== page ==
Buying a home is a big investment, but with that comes a variety of tax breaks. One of life’s certainties are taxes. Everyone pays them, but those who take the time to understand their write-offs will realize the benefits. While itemizing your taxes does require more work, the benefits for homeowners can more than make up for it. The tax deadline is coming up quickly, so let’s take a look at six tax breaks that should be on the minds of homeowners everywhere!
- Property Taxes—Like regular taxes, property taxes are inevitable. But understanding how your property taxes are calculated can be empowering, especially at tax time. If yours are based on the assessed value of your real property, you can deduct state and local property taxes. Keep accurate records if you pay out of pocket though. Those who pay through an escrow account will have an easier time, as the amount will appear on Form 1098 from your lender.
- Mortgage Interest Deduction—Writing a check for your home each month should make your mortgage go down quickly. But the majority of the money is put towards interest at the beginning of your loan. Fortunately, a Mortgage Interest Deduction (MID) exists, and you can deduct the amount from your taxes. The amount also appears on Form 1098.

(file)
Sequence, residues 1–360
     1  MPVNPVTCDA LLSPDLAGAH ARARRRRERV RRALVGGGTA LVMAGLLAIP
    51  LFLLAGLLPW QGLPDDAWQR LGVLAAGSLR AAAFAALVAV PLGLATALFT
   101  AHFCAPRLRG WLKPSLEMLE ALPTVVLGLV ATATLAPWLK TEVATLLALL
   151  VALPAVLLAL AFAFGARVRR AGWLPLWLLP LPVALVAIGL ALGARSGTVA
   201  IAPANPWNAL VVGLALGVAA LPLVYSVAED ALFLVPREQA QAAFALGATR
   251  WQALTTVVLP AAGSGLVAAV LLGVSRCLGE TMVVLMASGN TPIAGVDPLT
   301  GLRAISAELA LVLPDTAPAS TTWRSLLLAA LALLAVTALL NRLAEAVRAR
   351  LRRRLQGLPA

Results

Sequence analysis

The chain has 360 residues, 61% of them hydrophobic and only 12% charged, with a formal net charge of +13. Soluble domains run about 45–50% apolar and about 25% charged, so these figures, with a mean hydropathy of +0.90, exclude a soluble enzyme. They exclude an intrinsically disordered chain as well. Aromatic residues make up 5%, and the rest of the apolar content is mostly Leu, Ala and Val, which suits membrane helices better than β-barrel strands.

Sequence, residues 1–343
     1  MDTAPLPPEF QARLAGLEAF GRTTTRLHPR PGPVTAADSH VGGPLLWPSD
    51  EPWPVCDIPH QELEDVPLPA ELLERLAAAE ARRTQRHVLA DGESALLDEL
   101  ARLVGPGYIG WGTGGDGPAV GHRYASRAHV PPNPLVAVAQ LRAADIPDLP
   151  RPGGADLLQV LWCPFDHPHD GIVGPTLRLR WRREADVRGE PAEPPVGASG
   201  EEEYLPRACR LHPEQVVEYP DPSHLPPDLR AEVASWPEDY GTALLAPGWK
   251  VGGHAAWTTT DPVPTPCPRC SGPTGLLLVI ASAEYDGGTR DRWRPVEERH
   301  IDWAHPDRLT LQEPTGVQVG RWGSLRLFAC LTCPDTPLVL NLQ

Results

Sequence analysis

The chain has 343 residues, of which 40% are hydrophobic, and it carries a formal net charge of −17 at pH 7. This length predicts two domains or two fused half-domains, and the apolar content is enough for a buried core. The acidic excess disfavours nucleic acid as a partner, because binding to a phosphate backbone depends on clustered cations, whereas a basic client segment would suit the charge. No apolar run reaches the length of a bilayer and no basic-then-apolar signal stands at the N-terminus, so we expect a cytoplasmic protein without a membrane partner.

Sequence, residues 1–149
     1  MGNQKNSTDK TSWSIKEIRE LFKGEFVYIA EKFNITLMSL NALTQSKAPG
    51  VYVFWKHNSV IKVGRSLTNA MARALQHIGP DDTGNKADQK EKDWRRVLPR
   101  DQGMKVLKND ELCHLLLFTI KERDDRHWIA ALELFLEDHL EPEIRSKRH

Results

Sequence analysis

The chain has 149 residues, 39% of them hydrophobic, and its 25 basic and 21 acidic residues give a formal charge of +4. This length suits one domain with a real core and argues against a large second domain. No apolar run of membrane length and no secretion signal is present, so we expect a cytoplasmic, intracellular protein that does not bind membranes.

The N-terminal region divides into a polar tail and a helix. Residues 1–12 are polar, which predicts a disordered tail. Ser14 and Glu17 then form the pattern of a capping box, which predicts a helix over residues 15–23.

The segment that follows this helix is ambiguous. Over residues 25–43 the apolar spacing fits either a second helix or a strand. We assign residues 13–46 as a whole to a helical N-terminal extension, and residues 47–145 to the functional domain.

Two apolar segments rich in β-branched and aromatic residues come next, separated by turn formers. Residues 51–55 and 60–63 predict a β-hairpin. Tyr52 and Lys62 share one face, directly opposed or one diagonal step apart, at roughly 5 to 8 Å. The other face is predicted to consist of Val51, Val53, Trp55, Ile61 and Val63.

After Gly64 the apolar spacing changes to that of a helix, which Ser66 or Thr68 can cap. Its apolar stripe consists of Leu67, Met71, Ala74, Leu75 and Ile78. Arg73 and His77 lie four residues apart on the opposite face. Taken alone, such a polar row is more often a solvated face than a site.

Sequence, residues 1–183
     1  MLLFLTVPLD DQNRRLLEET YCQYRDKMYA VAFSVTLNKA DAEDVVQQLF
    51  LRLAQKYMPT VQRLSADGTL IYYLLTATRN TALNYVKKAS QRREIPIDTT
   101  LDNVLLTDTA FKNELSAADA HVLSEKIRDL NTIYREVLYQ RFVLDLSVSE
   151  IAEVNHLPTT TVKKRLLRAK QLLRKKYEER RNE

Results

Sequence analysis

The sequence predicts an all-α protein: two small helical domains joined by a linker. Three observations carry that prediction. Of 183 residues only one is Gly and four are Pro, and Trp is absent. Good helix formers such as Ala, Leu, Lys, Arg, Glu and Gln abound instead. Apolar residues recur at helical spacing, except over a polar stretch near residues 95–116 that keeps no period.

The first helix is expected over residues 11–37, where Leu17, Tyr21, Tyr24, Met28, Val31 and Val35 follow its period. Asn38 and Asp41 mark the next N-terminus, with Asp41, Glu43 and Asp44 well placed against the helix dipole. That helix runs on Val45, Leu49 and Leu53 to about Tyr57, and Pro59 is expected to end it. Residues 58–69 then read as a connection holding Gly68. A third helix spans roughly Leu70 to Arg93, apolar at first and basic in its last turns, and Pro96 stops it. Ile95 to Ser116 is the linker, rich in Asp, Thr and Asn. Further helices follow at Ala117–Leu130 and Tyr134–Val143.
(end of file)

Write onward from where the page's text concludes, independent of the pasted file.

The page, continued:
- Construction Loan Interest—If you are considering a home remodel, look into getting help with expense through financing. A construction loan might entitle you to deduct the interest during the first two years of the loan.
- Mortgage Insurance Premiums—Most homeowners pay private mortgage insurance (PMI). It protects your lender in case you default, and it’s also tax-deductible if your AGI is less than $100,000 (married couples).
- Energy Star—Getting paid to shop sounds like a scam, but when you’re talking about Energy Star appliances, it’s not as far fetched as it sounds. Purchasing energy-efficient appliances, windows, doors, and skylights will give you another tax deduction. You will need to install them by the end of the year though to get the 10% tax credit. And it’s only based on the cost of the products, not installation.
- Points—You may not remember, so look back to see if you paid any fees when you obtained your mortgage. If you did, you’re entitled to a deduction of the fees during the year you paid them, assuming the loan was for a primary residence. And if you have refinanced, you can deduct the points over the life of the loan.